Behavioural and psychiatric symptoms in people with dementia admitted to the acute hospital: Prospective cohort study

Elizabeth Sampson, Nicola White, Baptiste Leurent, Sharon Scott, Kathryn Lord, Jeff Round, Louise Jones

Research output: Contribution to journalArticle (Academic Journal)peer-review

79 Citations (Scopus)

Abstract

Background: Dementia is common in older people admitted to acute hospitals. There are concerns about the quality of care they receive. Behavioural and psychiatric symptoms of dementia (BPSD) seem to be particularly challenging for hospital staff. Aims: To define the prevalence of BPSD and explore their clinical associations. Method: Longitudinal cohort study of 230 people with dementia, aged over 70, admitted to hospital for acute medical illness, and assessed for BPSD at admission and every 4 (±1) days until discharge. Other measures included length of stay, care quality indicators, adverse events and mortality. Results: Participants were very impaired; 46% at Functional Assessment Staging Scale (FAST) stage 6d or above (doubly incontinent), 75% had BPSD, and 43% had some BPSD that were moderately/severely troubling to staff. Most common were aggression (57%), activity disturbance (44%), sleep disturbance (42%) and anxiety (35%). Conclusions: We found that BPSD are very common in older people admitted to an acute hospital. Patients and staff would benefit from more specialist psychiatric support.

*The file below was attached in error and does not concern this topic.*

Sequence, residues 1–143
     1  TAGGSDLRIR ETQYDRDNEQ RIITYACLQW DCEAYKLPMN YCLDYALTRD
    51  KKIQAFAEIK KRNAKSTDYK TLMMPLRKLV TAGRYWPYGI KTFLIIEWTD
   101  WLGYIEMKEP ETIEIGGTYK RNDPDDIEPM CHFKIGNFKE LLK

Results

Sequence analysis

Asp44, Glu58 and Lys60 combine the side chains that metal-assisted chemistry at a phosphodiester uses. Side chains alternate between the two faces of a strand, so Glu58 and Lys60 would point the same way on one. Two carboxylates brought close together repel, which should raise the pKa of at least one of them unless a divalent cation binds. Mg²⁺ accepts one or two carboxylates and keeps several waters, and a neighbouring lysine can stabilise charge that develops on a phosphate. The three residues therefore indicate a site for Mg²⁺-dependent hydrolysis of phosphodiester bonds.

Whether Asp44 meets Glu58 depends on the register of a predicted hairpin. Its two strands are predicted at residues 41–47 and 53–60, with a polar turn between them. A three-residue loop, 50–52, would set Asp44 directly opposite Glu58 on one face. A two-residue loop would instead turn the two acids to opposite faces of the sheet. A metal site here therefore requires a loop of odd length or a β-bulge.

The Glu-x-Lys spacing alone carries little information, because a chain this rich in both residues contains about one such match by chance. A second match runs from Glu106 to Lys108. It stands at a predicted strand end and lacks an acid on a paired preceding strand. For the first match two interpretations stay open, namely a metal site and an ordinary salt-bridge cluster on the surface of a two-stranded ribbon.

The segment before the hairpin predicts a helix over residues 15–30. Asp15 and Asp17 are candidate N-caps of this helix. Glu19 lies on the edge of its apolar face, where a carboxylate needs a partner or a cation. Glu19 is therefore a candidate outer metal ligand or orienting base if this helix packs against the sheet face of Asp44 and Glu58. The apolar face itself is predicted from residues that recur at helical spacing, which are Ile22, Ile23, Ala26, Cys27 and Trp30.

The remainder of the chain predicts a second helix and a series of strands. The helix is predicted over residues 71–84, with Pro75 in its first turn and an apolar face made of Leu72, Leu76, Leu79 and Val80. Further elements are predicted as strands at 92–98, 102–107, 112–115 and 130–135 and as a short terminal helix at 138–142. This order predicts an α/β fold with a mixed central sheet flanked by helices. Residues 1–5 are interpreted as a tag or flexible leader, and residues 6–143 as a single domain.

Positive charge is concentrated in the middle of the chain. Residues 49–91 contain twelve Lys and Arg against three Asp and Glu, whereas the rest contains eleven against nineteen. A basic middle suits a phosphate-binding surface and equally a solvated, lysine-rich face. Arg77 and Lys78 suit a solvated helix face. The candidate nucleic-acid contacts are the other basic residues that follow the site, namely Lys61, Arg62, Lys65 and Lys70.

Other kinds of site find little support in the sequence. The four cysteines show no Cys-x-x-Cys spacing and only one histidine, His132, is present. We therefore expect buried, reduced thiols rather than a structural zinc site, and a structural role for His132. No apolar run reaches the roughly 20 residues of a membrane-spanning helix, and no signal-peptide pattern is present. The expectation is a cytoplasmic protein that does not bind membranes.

Original languageEnglish
Pages (from-to)189-196
Number of pages8
JournalBritish Journal of Psychiatry
Volume205
Issue number3
DOIs
Publication statusPublished - 1 Sep 2014

Fingerprint Dive into the research topics of 'Behavioural and psychiatric symptoms in people with dementia admitted to the acute hospital: Prospective cohort study'. Together they form a unique fingerprint.

Cite this